Contaminated Land

The definition of contaminated land under Part IIA of the Environmental Protection Act 1990 is based upon the principles of risk assessment. “Risk” is defined as the combination of:

  • The probability, or frequency, of occurrence of a defined hazard (for example, exposure to a property of a substance with the potential to cause harm)

  • The magnitude (including the seriousness) of the consequences.

There are thousands of sites across the UK that have become contaminated by previous industrial use. Land contamination may be associated with traditional processes that are now obsolete.

Development of contaminated land has become a necessity as the need for development out strips the supply of land. Government targets demand that 60% of all new houses should be built on brownfield sites, yet some of these sites will be affected by contamination which will require a budget to clean the site or alternatives to be found.

Residential estate agents and the valuers of residential property have a poorly developed knowledge concerning contaminated land.

The Environment Agency estimates the number of contaminated sites in the UK to be between 5,000 and 20,000. Under the Part IIA regime, local authorities have started work to identify all contaminated land in their areas. So far around 35 sites have been determined, but the first round of inspections are not expected to finish until about 2006 in some local authority areas.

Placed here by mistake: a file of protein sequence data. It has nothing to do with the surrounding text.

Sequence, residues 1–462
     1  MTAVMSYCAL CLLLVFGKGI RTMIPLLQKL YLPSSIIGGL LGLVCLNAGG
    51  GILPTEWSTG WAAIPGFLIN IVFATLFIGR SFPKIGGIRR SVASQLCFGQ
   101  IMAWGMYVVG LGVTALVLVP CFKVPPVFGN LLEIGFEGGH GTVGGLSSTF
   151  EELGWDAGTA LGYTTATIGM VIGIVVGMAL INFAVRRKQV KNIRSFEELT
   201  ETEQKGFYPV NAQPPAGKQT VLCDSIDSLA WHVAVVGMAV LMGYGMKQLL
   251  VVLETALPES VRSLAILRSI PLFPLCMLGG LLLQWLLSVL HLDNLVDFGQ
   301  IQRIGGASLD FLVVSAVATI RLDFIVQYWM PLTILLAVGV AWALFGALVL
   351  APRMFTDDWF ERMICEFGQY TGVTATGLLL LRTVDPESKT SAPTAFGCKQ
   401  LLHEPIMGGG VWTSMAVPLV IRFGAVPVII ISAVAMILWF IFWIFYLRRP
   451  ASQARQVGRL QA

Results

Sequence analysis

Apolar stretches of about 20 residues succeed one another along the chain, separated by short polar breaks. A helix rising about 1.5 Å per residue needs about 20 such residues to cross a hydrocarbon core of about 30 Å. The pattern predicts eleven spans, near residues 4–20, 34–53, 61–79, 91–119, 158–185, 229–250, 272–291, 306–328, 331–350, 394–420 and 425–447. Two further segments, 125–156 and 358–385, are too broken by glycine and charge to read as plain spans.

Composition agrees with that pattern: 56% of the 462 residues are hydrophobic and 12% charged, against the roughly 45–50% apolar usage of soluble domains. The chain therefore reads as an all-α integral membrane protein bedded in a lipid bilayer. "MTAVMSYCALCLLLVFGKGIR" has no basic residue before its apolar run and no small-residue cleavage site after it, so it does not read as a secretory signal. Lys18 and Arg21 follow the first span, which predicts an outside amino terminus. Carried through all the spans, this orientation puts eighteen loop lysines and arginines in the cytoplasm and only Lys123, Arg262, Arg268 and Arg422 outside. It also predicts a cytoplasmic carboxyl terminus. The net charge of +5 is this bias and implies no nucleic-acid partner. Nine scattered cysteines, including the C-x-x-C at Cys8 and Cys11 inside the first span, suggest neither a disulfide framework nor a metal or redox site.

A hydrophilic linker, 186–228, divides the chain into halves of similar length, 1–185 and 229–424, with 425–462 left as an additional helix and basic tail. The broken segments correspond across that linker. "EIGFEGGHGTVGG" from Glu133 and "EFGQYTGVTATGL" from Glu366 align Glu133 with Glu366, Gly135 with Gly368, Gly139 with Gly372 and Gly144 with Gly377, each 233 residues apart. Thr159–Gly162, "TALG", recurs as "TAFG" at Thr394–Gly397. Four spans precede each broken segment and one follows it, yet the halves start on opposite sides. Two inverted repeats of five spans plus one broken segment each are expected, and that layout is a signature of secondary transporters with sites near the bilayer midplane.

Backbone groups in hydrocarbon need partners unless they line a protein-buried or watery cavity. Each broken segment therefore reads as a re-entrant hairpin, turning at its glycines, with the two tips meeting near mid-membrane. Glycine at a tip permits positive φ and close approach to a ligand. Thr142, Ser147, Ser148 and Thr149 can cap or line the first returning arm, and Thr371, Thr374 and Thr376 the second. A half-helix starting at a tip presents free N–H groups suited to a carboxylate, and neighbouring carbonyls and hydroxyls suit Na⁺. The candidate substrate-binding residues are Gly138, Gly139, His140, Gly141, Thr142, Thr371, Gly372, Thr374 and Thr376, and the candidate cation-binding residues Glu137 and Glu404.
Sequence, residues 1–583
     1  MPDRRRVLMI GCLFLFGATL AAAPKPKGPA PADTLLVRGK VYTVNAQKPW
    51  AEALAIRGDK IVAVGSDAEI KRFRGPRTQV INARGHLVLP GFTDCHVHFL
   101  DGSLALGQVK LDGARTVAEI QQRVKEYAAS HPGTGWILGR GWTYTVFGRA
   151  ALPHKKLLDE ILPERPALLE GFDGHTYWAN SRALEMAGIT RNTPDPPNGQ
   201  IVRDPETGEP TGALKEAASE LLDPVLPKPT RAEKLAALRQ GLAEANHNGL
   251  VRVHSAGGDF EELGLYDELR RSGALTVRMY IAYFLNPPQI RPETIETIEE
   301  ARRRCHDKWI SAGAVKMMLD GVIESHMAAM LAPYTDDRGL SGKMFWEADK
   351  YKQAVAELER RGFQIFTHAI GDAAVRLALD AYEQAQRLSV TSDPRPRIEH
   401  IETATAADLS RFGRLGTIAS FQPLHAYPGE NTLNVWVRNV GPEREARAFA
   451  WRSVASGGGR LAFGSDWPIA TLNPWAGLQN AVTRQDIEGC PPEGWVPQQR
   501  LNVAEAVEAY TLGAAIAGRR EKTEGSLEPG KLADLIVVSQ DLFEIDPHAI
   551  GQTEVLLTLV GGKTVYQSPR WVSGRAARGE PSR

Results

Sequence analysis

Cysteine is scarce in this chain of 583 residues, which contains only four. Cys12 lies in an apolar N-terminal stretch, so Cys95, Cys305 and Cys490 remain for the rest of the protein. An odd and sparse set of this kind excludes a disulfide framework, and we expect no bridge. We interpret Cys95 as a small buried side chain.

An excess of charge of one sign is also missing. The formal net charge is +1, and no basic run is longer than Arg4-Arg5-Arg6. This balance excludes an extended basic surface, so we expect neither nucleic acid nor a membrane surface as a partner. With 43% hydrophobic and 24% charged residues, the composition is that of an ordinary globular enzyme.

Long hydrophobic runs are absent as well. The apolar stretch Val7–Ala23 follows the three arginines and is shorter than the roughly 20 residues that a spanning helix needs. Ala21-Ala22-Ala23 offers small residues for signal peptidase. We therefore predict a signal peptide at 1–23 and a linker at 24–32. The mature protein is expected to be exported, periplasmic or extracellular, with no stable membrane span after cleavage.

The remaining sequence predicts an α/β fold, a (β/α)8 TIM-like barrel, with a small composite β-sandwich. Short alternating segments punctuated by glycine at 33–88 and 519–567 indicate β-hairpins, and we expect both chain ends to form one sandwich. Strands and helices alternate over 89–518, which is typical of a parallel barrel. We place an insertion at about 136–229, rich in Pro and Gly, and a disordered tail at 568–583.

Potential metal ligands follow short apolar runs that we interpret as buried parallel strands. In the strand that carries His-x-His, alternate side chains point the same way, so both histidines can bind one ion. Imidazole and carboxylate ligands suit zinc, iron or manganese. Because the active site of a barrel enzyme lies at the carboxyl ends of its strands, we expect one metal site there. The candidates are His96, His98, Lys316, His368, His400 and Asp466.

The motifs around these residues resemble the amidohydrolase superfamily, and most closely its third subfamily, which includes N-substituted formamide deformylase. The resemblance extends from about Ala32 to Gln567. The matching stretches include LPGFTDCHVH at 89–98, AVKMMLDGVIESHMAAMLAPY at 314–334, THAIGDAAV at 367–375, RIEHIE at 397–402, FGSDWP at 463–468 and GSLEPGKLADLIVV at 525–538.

In applying the definition of contaminated land to a site, the local authority must satisfy itself that both:

  • A pollutant linkage exists in respect of a piece of land; and

  • That the pollutant linkage:

    • Is resulting in significant harm being caused to the receptor in the pollutant linkage

    • Presents a significant possibility of significant harm being caused to that receptor

    • Is resulting in the pollution of the controlled waters which constitute the receptor, or is likely to result in such pollution

In the past, the problems of contaminated land have been tackled almost exclusively in the context of redevelopment where there was the objective of economic benefit linked to environmental enhancement.

Part IIA means that local authorities now have a responsibility to proactively inspect their areas and ensure the remediation of any contaminated land.

Related Articles:

Contaminated Land - Frequently Asked Questions

Land Remediation

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